“The 7.2 percent increase in insurers’ total capital gains in nine-months 2007 reflects developments in financial markets,” said Murray. “Stock prices as measured by the S&P 500 increased 7.6 percent in the first nine months of 2007, with the rate of increase in the S&P 500 climbing from 7 percent in the first nine months of 2006. Going forward, the S&P 500 fell 5.3 percent from September 30 through December 17, and other major stock indexes – such as the New York Stock Exchange and NASDAQ composites and the Dow Jones Industrial Average – also fell during the period. This suggests insurers’ results for fourth-quarter 2007 won’t benefit from capital gains on stocks. But insurers’ investments in bonds far exceed their investments in stocks, and bond prices rose as the yield on ten-year Treasury notes fell to 4.24 percent on December 14 from 4.59 percent at the end of thirdquarter 2007. If insurers elect to realize gains on bonds in the fourth quarter, they may post overall capital gains for the period. Beyond this, any forecast for insurers’ capital gains is only as good as the underlying forecasts for stock prices and interest rates.”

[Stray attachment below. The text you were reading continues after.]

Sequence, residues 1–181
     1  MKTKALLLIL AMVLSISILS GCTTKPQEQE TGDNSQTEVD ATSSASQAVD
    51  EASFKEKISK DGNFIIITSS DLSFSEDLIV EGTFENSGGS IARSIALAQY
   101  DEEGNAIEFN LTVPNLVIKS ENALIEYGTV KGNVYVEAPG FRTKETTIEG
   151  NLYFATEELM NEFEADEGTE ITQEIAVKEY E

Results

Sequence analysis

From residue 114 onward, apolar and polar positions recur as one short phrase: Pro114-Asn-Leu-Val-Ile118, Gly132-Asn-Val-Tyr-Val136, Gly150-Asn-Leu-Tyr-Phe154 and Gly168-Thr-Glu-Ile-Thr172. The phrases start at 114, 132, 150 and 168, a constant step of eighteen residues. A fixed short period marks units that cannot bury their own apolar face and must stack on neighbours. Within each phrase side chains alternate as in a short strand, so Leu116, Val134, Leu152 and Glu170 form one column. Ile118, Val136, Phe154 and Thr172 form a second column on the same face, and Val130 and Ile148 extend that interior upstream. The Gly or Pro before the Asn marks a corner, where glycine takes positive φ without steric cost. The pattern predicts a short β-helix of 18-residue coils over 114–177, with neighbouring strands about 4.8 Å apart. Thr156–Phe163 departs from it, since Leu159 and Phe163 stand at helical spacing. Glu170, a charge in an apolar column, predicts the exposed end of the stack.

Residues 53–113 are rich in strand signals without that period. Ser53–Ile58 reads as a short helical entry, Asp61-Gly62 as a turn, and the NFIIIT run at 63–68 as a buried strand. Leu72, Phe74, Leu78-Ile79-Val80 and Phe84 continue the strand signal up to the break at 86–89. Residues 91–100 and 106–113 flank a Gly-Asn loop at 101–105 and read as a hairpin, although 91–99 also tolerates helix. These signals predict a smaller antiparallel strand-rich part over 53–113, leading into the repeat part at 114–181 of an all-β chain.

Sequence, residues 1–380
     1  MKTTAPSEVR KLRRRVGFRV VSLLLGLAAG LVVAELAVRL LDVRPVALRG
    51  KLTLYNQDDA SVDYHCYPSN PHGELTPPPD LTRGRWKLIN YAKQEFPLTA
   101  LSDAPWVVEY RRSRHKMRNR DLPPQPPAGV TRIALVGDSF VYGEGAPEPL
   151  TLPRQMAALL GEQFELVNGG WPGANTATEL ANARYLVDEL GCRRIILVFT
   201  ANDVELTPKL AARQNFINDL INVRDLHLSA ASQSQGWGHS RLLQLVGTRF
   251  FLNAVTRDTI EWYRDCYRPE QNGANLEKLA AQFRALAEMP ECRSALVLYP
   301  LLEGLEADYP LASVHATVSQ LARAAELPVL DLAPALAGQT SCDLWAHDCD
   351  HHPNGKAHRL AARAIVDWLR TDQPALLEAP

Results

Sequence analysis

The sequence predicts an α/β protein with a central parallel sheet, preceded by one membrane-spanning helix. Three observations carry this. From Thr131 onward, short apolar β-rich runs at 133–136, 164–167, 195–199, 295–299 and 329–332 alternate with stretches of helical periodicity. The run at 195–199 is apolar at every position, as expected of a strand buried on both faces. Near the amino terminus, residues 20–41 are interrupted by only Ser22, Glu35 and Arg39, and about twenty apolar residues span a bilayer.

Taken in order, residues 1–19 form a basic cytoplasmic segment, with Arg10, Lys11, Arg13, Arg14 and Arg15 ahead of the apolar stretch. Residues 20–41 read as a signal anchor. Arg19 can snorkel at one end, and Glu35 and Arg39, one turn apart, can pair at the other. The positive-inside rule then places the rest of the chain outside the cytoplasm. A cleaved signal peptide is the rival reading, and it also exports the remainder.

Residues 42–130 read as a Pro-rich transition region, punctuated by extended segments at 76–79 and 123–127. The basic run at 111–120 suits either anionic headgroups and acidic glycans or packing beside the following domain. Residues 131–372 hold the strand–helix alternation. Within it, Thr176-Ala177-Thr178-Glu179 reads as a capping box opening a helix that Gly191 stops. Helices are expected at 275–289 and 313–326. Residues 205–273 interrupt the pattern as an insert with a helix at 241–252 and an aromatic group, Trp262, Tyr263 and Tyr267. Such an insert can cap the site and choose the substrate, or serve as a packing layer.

Pretax Operating Income

Pretax operating income – the sum of net gains or losses on underwriting, net investment income, and miscellaneous other income – fell 8.7 percent to $56.6 billion in nine-months 2007 from $62 billion in ninemonths 2006. The $5.4 billion decline in operating income is the net result of the $6.2 billion decline in net gains on underwriting, the $2 billion increase in net investment income, and a $1.2 billion decline in miscellaneous other income to negative $1 billion in nine-months 2007 from positive $0.2 billion in nine-months 2006. The decline in miscellaneous other income reflects a special transaction in which one U.S. insurer assumed $9.3 billion in liabilities from a foreign entity in exchange for considerations valued at $7.1 billion, some tax benefits, and the opportunity to earn investment income on the funds held to pay down the liabilities.